U.S. Army veteran James Baldwin was injured in the Gulf War and now has one prosthetic eye and limited sight in the other. Baldwin has been able to “watch” his favorite TV shows using described content offered by his cable provider, Comcast. But now Baldwin, as he demonstrates in a Comcast video, really can watch them using a virtual reality option the cable company rolled out in December.
Individuals like Baldwin have found expanded entertainment options – and gained independence – in recent years because of cable’s investments in innovative technology. As a result, cable’s products and services can be enjoyed by almost everyone.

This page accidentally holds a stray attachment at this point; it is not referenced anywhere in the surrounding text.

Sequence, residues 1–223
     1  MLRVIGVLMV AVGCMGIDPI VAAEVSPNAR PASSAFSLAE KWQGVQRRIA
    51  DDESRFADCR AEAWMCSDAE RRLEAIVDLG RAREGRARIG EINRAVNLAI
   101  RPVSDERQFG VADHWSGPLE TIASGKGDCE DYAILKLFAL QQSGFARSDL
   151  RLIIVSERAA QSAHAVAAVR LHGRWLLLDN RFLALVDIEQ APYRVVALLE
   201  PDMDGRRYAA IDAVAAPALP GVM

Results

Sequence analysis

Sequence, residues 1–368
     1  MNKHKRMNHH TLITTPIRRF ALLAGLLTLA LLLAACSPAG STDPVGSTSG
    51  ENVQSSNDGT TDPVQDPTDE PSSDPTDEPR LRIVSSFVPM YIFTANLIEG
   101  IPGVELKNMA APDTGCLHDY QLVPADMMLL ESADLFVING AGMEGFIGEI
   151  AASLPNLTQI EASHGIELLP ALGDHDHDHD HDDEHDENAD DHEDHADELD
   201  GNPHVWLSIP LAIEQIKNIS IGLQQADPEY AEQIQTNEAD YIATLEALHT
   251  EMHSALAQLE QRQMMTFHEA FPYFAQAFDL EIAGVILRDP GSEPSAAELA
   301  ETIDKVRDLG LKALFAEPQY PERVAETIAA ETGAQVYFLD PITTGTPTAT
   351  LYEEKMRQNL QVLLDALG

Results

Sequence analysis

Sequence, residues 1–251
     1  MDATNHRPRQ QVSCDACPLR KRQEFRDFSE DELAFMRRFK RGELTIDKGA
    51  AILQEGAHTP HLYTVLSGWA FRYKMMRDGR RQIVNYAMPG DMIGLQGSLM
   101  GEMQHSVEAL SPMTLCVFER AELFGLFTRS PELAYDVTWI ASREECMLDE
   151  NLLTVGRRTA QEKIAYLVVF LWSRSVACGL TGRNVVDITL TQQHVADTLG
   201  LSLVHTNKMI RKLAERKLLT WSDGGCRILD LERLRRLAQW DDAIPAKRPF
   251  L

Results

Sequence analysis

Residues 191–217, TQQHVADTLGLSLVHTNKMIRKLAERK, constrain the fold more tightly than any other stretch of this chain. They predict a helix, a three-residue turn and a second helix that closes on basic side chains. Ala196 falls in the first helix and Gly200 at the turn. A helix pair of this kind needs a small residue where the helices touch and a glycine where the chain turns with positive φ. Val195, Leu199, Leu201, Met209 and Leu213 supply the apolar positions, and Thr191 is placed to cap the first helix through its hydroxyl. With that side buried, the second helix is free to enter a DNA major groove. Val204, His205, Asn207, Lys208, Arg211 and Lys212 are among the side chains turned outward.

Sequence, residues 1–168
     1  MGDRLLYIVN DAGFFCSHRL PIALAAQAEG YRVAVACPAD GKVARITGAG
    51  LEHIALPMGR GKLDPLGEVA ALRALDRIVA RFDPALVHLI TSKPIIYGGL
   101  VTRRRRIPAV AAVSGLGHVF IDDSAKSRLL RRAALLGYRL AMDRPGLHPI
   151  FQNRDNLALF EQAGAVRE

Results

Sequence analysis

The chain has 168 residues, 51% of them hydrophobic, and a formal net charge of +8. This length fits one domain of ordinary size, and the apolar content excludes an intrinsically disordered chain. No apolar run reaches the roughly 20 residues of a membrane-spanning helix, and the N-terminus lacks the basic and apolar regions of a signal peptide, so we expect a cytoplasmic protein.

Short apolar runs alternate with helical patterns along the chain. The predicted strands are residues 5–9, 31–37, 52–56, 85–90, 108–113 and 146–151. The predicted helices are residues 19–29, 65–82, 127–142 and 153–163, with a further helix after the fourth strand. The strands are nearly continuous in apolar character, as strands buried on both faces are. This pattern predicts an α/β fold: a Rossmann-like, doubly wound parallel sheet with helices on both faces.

Says Charlie Herrin, executive vice president and chief product officer for Comcast, in the company’s 2020 Values report, “We prioritize accessibility because we build great experiences for all of our customers. It’s a business imperative. An estimated one-third of all U.S. households include someone with a disability. We don’t want to create exciting new products, only to tell certain communities and audiences that these experiences aren’t available to them.”
More than 40 million Americans have some type of disability, with almost half of those having either a hearing or vision impairment, according to the U.S. Census Bureau.
Accessibility has become an intentional focus for cable companies.
Charter Spectrum has created a Spectrum Accessibility Center of Excellence “to create empowering and inclusive experiences for our customers and employees.”